During a closed-door interview on June 27, former FBI official Peter Strzok downplayed his role in obtaining surveillance warrants to spy on former Trump campaign adviser Carter Page.
The Daily Beast reported that Strzok, the former deputy chief of counterintelligence, claimed in the interview that he had no substantive input on drafting or securing Foreign Intelligence Surveillance Act warrants used to spy on Page, an energy consultant who left the Trump team in September 2016.
Strzok also denied providing evidence for the FISAs, the first of which was granted on Oct. 21, 2016.
A Republican in the June 27 interview confirmed that Strzok, who oversaw the Russian investigation, denied having a direct role in the FISA process. But the Republican was also incredulous at Strzok’s suggestion that he had little to do with the spy warrants obtained against Page.
A new report appears to justify the Republican’s skepticism.
The Hill’s John Solomon is reporting that Strzok exchanged emails with FBI attorney Lisa Page regarding the Carter Page surveillance.
Strzok and Lisa Page exchanged numerous anti-Trump text messages during their work on the Russia probe, which was codenamed “Crossfire Hurricane.” In one Aug. 8, 2016 message, Strzok told Page that “we’ll stop” Trump from becoming president.
Strzok, who was the FBI’s top investigator on Crossfire Hurricane, sent an email with the subject line “Crossfire FISA” to Lisa Page discussing a set of talking points aimed at getting then-FBI Deputy Director Andrew McCabe to push the Department of Justice (DOJ) to approve a surveillance warrant against Carter Page, according to The Hill.
“At a minimum, that keeps the hurry the F up pressure on him,” Strzok emailed Lisa Page on Oct. 14, 2016, according to The Hill.
Strzok also commented on a letter that Lisa Page sent to then-FBI Director Jim Comey offering to meet with the FBI to discuss allegations made against him in a Yahoo! News article published on Sept. 23, 2016.
“At a minimum, the letter provides us a pretext to interview,” Strzok wrote to Lisa Page, with whom he was having an affair, on Sept. 26, 2016.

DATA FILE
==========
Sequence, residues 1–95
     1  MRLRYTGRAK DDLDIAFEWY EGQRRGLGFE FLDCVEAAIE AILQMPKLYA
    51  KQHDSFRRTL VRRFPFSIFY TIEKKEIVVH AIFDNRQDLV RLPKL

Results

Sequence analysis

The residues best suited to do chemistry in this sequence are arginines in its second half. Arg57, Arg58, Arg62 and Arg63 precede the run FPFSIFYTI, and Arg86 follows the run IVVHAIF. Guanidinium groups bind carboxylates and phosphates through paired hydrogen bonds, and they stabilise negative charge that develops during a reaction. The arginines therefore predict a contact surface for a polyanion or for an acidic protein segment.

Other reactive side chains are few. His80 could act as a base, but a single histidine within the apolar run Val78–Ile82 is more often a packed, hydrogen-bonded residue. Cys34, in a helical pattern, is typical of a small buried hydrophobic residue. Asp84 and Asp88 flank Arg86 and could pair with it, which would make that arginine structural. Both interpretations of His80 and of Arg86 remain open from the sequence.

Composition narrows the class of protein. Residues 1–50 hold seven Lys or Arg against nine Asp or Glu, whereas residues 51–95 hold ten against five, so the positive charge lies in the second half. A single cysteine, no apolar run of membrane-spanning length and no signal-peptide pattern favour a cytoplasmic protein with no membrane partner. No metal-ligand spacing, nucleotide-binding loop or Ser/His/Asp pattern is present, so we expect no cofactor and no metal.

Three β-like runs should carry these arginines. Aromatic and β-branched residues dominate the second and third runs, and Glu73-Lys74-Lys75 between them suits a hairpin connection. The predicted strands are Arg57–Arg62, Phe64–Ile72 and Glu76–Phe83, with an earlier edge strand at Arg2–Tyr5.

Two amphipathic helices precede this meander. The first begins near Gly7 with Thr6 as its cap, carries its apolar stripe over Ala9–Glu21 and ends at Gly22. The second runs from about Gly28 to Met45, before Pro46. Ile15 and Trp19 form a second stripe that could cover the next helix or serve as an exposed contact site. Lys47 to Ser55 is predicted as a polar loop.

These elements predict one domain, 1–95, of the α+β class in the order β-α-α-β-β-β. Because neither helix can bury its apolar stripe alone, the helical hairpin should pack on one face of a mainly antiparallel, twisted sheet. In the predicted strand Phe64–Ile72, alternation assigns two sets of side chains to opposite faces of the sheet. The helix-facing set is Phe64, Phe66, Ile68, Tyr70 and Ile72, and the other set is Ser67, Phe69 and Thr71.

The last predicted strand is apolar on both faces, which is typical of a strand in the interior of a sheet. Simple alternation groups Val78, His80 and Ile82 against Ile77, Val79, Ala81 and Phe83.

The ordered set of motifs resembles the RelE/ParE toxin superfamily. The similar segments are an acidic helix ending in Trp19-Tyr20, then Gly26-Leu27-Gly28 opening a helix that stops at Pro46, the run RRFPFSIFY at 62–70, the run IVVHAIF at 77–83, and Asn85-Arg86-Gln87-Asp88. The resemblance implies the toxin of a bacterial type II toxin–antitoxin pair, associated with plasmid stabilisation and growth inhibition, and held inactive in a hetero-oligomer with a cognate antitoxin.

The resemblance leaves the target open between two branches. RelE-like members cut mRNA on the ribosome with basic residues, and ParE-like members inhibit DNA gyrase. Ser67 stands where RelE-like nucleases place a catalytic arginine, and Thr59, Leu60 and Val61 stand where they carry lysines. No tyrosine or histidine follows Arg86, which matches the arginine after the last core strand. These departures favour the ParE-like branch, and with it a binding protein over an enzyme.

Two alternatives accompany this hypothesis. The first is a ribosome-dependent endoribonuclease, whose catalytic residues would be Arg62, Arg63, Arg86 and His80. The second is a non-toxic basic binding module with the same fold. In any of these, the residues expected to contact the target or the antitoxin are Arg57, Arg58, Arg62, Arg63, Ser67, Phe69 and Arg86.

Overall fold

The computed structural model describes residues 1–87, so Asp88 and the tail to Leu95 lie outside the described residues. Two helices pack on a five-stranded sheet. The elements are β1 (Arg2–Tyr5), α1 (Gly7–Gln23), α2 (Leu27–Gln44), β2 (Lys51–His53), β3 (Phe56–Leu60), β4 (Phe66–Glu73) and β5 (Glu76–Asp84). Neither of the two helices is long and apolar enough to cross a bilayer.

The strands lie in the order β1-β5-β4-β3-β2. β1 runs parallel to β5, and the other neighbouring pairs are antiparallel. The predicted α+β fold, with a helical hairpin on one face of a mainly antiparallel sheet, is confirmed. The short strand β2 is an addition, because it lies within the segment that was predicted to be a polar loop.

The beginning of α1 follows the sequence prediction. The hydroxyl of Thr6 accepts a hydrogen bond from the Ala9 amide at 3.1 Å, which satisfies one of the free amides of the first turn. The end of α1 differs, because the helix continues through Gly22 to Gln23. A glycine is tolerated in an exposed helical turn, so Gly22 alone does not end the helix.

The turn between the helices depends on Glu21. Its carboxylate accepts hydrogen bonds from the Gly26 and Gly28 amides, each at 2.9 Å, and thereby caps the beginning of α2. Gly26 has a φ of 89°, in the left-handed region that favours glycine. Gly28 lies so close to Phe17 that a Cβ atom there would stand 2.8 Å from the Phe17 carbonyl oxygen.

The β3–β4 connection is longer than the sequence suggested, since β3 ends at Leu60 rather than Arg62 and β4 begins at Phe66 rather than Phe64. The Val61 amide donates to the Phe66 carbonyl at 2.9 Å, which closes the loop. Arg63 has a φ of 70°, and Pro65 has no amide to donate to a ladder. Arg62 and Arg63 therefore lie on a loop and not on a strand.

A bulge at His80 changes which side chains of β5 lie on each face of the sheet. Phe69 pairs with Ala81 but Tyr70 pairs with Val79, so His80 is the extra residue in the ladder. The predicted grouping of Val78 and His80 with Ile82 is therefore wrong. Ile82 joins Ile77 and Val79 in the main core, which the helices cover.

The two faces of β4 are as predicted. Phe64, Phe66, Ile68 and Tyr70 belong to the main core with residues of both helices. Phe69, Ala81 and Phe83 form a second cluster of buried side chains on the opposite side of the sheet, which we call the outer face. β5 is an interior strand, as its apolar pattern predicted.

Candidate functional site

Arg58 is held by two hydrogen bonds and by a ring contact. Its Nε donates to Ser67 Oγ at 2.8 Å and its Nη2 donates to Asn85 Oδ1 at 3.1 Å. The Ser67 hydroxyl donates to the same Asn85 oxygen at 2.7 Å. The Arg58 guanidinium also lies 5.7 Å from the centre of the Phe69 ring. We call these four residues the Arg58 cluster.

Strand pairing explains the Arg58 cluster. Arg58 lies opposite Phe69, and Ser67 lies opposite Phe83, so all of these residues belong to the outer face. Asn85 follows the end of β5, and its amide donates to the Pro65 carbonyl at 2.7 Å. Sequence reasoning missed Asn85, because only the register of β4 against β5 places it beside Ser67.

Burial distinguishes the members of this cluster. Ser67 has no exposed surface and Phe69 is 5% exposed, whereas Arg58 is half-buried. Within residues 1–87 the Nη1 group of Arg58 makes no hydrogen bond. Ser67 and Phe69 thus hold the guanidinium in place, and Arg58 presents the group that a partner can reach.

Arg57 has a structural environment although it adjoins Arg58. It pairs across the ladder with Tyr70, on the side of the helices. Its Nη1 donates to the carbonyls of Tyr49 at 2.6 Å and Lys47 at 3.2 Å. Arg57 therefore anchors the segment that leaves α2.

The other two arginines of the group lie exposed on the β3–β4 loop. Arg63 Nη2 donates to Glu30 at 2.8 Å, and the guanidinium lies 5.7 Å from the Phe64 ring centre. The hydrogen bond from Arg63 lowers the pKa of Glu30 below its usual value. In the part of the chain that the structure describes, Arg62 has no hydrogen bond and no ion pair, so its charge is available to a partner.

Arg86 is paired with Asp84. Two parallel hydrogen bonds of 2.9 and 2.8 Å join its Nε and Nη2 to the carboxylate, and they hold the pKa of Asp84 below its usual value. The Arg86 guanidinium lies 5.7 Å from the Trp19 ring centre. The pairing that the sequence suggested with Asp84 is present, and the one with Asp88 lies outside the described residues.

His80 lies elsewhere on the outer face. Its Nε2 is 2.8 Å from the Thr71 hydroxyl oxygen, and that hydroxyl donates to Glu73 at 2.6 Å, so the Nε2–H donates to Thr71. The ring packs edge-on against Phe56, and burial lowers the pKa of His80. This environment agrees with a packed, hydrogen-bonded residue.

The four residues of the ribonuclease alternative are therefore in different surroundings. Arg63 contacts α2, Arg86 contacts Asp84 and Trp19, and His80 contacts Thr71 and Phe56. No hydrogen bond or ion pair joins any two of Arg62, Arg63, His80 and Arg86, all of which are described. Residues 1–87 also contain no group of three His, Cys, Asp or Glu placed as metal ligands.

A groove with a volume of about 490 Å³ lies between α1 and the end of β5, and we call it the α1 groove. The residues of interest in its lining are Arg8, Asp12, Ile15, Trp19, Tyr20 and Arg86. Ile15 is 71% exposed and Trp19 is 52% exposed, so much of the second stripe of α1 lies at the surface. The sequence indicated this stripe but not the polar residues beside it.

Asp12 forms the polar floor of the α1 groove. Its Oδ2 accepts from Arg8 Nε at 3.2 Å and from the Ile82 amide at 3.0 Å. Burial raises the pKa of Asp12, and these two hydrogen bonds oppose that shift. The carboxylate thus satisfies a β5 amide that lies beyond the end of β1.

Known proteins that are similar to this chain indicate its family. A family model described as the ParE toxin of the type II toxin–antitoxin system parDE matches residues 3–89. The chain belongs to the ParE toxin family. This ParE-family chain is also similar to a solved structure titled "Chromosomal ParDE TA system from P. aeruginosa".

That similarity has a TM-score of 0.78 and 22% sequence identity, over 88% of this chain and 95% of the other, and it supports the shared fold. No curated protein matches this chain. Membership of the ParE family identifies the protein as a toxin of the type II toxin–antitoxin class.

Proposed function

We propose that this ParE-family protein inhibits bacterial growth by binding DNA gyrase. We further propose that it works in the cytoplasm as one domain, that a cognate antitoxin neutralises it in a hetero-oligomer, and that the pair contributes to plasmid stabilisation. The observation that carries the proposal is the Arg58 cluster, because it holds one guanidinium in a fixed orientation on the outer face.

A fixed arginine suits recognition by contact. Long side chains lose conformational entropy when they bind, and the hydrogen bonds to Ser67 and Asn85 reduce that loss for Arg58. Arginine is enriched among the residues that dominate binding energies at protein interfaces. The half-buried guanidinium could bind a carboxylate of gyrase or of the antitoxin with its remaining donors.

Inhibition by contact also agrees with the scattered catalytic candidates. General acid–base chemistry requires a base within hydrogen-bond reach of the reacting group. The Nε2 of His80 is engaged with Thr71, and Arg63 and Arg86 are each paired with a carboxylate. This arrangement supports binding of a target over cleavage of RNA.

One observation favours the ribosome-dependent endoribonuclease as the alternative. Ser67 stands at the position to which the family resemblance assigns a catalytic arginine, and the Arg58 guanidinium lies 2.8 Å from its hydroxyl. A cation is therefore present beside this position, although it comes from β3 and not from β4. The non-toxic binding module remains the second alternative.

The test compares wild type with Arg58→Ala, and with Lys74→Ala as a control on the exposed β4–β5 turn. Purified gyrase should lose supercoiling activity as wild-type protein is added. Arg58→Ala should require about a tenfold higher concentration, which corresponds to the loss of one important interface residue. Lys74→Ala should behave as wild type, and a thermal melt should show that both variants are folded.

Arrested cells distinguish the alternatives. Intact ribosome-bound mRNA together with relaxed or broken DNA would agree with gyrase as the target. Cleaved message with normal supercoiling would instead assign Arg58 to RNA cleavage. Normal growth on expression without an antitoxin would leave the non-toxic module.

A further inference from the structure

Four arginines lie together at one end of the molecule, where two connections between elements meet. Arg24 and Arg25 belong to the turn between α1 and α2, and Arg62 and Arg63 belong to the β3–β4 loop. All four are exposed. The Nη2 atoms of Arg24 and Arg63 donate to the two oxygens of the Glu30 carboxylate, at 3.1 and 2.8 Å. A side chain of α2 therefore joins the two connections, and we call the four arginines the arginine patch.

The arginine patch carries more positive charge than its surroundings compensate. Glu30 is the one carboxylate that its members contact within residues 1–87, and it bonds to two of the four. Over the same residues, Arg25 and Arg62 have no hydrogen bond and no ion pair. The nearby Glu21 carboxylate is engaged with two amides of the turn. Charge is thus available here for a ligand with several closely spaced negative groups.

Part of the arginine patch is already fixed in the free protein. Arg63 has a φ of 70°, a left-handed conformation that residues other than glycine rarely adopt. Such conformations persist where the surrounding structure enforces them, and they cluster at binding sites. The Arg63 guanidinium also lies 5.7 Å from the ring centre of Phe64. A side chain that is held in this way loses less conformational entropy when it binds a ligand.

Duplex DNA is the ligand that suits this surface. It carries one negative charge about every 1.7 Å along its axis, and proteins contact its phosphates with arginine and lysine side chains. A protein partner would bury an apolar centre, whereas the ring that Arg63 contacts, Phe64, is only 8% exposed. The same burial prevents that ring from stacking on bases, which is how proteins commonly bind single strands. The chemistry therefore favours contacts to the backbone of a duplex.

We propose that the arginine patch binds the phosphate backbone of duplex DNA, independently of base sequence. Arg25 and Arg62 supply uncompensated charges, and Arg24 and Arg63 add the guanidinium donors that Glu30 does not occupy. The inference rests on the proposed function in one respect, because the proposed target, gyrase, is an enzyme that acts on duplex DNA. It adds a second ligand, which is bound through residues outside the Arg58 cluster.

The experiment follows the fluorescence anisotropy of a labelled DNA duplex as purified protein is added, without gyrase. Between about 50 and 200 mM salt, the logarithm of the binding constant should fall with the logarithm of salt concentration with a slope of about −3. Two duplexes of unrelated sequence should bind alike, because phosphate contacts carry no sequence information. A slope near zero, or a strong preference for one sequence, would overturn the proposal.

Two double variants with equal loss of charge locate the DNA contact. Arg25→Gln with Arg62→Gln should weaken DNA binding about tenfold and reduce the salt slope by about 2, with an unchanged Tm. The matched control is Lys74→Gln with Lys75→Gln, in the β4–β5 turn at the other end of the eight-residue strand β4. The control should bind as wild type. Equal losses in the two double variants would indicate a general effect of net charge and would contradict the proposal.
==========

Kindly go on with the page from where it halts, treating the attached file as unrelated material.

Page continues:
The Yahoo! News article claimed that U.S. government officials were looking into allegations that Page met secretly in Moscow in July 2016 with two sanctioned Kremlin insiders.
It would later be learned that the article, written by Michael Isikoff, was based on information from Christopher Steele, the author of the dossier.
The dossier claimed that Page was the Trump campaign’s conduit to the Kremlin for the collusion conspiracy. Page has vehemently denied all of the allegations, and no evidence has emerged to support the Steele dossier’s claims about him.
The FBI and DOJ’s spy warrants relied heavily on the Steele dossier, which remains largely unverified and uncorroborated, in order to convince a federal judge to allow spying against Carter Page. The FISA applications also cited the Isikoff article that relied on the dossier, though without disclosing that the article was derived from Steele.
The applications also did not disclose that the Hillary Clinton campaign and DNC had financed the dossier. A law firm for both organizations hired opposition research firm Fusion GPS, which in turn hired Steele.
Despite Strzok’s suggestion of an interview with Carter Page, the FBI did not meet with him until March 2017, six months after the email and two months after BuzzFeed News published the dossier. Page has questioned why the FBI waited so long to interview him.
The FBI used other methods to keep tabs on the former Trump aide. As The Daily Caller News Foundation first reported, an FBI informant named Stefan Halper made contact with Page during a conference at the University of Cambridge on July 11, 2016, nearly three weeks before the start of Crossfire Hurricane.
Halper, a veteran of three Republican presidential administrations, maintained contact with Page for over a year, until September 2017. That was the same month that the fourth and final FISA warrant against Carter Page expired.
Halper met with two other Trump campaign advisers, Sam Clovis and George Papadopoulos. Halper paid Papadopoulos $3,000 in September 2016 to travel to London under the guise of writing a policy paper and Mediterranean energy issues.
Papadopoulos has told associates that during dinner one night in London, Halper asked him about Russian efforts to steal Hillary Clinton emails.
Strzok’s attorney, Aitan Goelman, did not respond to an email seeking comment for this article.
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